An estimated crowd of about 5,000 began marching in Vancouver November 19, 2016 in protest of the proposed Kinder Morgan pipeline.
The No Consent, No Pipeline rally began around 12:30pm and marched over the Cambie Street Bridge.
Some of the guest speakers at the rally consisted of Grand Chief Stewart Phillip of the Union of B.C. Indian Chiefs, Squamish First Nation chief Ian Campbell, Musqueam activist Audrey Siegl, Tsleil-Waututh activist Cedar Parker, Secwepemc activist Jody Leon, and Indigenous Environmental Network rep Melina Laboucan-Massimo.
On 19 May 2016, the National Energy Board (NEB) issued a report recommending that Governor in Council (GIC) approve the Trans Mountain Expansion Project (Project), subject to 157 conditions. Should GIC approve the Project, it will order the NEB to issue a Certificate of Public Convenience and Necessity. You can read the full Recommendation Report here.
Mayor of Vancouver Gregor Robertson is quoted as saying “I think you will see protests on this one like you have never seen before,” Robertson said in an interview on The House with Chris Hall. “I think it is perilous politically.” The Vancouver Mayor released a video November 15th, 2016 in which he is asking for British Columbians to support a petition to “send a clear message to Ottawa” that the proposed pipeline, “is absolutely not worth the risk to our environment, or economy.” and is urging people to share his message and the petition.
As of November 21, 2016 the petition has 8,444 signatures so far.
In the wake of disaster such as the sinking of a diesel tug boat and barge off Bella Bella, that spilled 59,000 gallons of the harmful fuel into the ocean, and an inadequite response plan in place for such disasters, its not hard to imagine what 7 times the oil tanker traffic in Vancouver could result in emptying into the Pacific Coastal waters.
Marc Garneau Minister of Transportation stated “We are certainly recognizing the fact that we need to do better on marine security,” Garneau, who is poised to announce a “coastal strategy” that includes greater focus on spill prevention and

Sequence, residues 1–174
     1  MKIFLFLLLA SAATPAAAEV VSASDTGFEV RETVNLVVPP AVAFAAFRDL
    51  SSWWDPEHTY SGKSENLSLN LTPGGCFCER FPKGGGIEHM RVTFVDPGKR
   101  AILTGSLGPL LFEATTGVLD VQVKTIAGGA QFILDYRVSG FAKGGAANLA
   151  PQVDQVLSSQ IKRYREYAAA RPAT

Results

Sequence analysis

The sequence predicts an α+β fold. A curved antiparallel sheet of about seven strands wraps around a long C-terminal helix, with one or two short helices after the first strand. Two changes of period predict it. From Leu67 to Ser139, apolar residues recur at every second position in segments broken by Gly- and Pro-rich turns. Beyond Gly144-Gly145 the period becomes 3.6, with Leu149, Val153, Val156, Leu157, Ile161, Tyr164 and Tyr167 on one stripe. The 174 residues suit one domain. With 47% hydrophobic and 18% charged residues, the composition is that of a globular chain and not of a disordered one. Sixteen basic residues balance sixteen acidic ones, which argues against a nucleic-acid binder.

clean-up, told the House of Commons. “We are looking at the issue of compensation.”
During the 2015 election the Liberals platform included a vow to bring in an oil tanker ban on the B.C’s north coast, a promise to which has yet to have been kept.
With such rehtoric in the House of Commons over creating a response by Fisheries and Oceans to potential spills, one wonders if the Liberals have any intention of fulfilling their oil tanker ban. Guarenteeing a response plan is one thing, preventing future spills by banning tanker traffic in the north, and preventing new piplelines from creating additional traffic in the south is quite another.
This December 19, 2016 will be the deciding factor in whether or not the Liberals will continue the rise of fossil fuel emitions in Canada as the previous Conservative government had or not, and could be a hot topic issue in the next federal election.
In the mean time we can expect to see more rallys and marchs, demonstraitions, and protests over the $6.8 Billion dollar proposed pipeline, and perhaps Standing Rock type protests, as the hastag #StopKM continues to trend on social media and people call on Justin Trudeau’s Liberal government to reject the expansion project .